Y’town mayor should seek assistance of state auditor

The reality of Youngstown’s fiscal crisis continues to manifest itself in the daily operation of government.

Fire Chief Barry Finley has launched a cost-saving initiative that requires the city’s fire stations to be temporarily closed on a rotating basis. The closures are necessitated by the fact that just six months into the year, the department had spent $105,854 in overtime of the $108,000 budgeted for the entire year.

Finley has said the department, which has been dealing with a workforce shortage, needs between $60,000 and $65,000 to cover overtime for the rest of the year.

Mayor Jamael Tito Brown has formed a committee of union and management officials to deal with the unsustainable and unjustified health insurance program for city employees.

They currently contribute 10 percent of the health insurance premiums, which is unrealistic in today’s workplace.

An independent financial consultant has recommended that employees contribute 20 percent of the premiums.

Youngstown’s fiscal crisis is also affecting the mayor’s ability to quickly hire a qualified, experienced finance director.

The position has been vacant since the end of last year when David Bozanich, the longtime fiscal officer resigned. Bozanich has been implicated in the criminal investigation of various downtown development projects.

The developer, Dominic Marchionda, is facing more than 100 criminal charges stemming from a scheme to funnel at least $500,000 from city funds to himself through various companies “to live his lavish lifestyle and enrich himself,” according to an indictment.

Marchionda is alleged to have given a city official a $25,000 bribe in return for his expediting the paperwork on one of the downtown development projects.

A source with knowledge of the state investigation has identified the city official as Bozanich, who has denied any wrongdoing.

The longtime finance department official resigned Dec. 31, just before Brown was sworn in as mayor. During the 2017 mayoral election in which he defeated incumbent John A. McNally for the Democratic nomination, Brown said he would not keep Bozanich on the city payroll if he became mayor.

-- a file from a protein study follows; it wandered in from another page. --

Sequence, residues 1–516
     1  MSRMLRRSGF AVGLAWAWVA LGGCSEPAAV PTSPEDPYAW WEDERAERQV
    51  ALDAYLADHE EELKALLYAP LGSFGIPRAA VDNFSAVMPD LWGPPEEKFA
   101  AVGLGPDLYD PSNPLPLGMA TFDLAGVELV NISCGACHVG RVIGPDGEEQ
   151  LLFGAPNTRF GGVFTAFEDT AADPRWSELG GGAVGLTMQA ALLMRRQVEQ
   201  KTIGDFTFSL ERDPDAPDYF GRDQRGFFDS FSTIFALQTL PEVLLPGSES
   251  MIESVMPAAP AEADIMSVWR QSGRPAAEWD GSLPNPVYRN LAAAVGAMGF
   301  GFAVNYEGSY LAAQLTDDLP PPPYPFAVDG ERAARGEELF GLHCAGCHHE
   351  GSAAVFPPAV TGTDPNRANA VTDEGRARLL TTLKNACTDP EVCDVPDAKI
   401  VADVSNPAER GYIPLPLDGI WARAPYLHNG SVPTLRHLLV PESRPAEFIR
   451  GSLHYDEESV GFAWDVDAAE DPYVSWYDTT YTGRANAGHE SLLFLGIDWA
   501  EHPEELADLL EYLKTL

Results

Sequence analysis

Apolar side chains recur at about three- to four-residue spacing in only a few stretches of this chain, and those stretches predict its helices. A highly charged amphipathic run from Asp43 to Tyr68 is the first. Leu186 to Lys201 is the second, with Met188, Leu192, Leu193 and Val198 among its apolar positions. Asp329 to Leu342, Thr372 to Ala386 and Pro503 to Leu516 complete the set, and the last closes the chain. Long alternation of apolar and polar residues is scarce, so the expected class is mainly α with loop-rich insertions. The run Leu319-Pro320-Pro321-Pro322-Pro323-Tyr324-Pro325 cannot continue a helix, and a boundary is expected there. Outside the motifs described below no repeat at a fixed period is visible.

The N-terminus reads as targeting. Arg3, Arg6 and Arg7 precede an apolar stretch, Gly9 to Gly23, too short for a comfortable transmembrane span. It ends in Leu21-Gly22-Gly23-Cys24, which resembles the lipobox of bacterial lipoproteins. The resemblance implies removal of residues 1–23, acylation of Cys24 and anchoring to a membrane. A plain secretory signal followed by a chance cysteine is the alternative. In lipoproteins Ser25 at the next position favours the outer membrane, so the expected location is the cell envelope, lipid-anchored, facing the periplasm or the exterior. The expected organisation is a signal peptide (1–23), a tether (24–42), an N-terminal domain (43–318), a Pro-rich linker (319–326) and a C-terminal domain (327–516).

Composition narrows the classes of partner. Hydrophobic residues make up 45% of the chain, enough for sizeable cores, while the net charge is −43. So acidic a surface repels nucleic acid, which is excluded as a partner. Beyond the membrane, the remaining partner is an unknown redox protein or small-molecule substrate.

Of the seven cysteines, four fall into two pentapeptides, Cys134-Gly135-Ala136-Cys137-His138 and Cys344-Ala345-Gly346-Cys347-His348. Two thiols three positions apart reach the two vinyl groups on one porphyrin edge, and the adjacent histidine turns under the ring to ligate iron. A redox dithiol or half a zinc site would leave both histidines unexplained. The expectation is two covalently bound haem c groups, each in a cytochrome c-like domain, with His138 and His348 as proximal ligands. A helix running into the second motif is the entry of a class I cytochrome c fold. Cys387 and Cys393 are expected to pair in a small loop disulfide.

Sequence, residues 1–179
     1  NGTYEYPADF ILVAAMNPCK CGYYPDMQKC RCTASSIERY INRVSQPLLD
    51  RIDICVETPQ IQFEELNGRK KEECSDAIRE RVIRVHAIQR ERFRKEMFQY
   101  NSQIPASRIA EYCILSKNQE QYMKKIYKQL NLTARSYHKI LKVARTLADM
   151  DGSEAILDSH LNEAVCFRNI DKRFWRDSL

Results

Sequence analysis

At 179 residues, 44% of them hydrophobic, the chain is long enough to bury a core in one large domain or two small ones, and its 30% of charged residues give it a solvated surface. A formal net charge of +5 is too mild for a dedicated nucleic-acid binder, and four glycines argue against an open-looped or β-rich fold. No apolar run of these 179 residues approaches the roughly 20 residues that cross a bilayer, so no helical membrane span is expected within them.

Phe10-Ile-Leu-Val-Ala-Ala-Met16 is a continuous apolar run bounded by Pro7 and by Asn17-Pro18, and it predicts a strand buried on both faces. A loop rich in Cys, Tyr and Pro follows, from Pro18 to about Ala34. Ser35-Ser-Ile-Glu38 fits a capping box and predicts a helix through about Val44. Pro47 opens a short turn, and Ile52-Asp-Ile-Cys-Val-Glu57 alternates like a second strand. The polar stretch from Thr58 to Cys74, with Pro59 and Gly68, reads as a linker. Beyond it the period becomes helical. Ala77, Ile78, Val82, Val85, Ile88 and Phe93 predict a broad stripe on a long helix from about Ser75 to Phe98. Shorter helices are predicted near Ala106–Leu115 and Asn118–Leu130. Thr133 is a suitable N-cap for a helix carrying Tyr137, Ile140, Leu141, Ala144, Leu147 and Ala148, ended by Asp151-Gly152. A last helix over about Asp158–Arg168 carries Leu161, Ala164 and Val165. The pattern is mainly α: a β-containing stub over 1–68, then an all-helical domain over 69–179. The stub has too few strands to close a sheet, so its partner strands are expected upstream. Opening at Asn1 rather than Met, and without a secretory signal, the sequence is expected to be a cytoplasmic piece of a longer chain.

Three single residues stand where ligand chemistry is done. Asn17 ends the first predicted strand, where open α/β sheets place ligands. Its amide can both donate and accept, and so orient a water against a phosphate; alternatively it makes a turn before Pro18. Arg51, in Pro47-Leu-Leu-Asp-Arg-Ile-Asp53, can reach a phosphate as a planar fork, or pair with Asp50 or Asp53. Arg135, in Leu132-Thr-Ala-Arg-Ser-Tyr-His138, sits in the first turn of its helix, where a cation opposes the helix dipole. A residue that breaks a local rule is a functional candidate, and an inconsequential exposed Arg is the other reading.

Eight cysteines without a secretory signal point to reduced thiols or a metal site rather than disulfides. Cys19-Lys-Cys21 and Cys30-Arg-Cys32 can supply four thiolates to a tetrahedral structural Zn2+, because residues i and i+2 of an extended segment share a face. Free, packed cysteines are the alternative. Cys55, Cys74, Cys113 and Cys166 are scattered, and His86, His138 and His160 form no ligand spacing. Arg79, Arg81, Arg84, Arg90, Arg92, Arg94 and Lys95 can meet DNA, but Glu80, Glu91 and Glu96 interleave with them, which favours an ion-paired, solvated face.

Over the past seven months, Kyle Miasek, the deputy finance director, has served as the interim department head. Miasek has told the mayor he isn’t interested in being the finance director.


Brown had announced that he would conduct a national search, but in a story on the front page of the Sunday Vindicator, he said that the city would be hardpressed to come up with the $20,000 to hire a headhunter.

We believe the mayor should contact Ohio Auditor David Yost, who has shown a willingness to provide whatever guidance the city needs in dealing with its fiscal problems.

Indeed, it was Yost who recommended the hiring of Michael Abouserhal, a certified public accountant, to assess Youngstown’s financial condition.

Abouserhal retired a year ago as vice president of finance and business services at Cuyahoga Community College and previously worked as chief financial officer for Cleveland Public Power and assistant director for finance and controller for the city.

In other words, he brought a wealth of experience in government financing to his assignment for the city.

In a detailed report, Abouserhal projected a $16 million deficit in the general fund if the administration and city council fail to take decisive action to cut spending.

The report contains a long list of recommendations for reducing the projected annual deficits.

We’re confident that Auditor Yost would be willing to assign his deputy auditors and others in the office to assist Mayor Brown in finding a new finance director.

But we wouldn’t be surprised if Yost, the Republican candidate for Ohio attorney general in this year’s general election, also tells Brown there’s no need to wait for a new chief financial officer to implement consultant Abouserhal’s recommendations for slashing spending.

The mayor, who made it clear during the election campaign that he did not want to “send anybody home,” cannot be blind to the reality that the payroll must be slashed. Employee wages and benefits take up about 80 percent of the general fund, which means true cost savings can only come from terminations, layoffs, elimination of raises, an increase in employees’ health-insurance premium contributions and other concessions.

We once again turn the spotlight on Abouserhal’s warning to Mayor Brown and other city officials:

“If decisions are not made, the city could end up in fiscal emergency. You need to focus on the deficit as soon as possible.”

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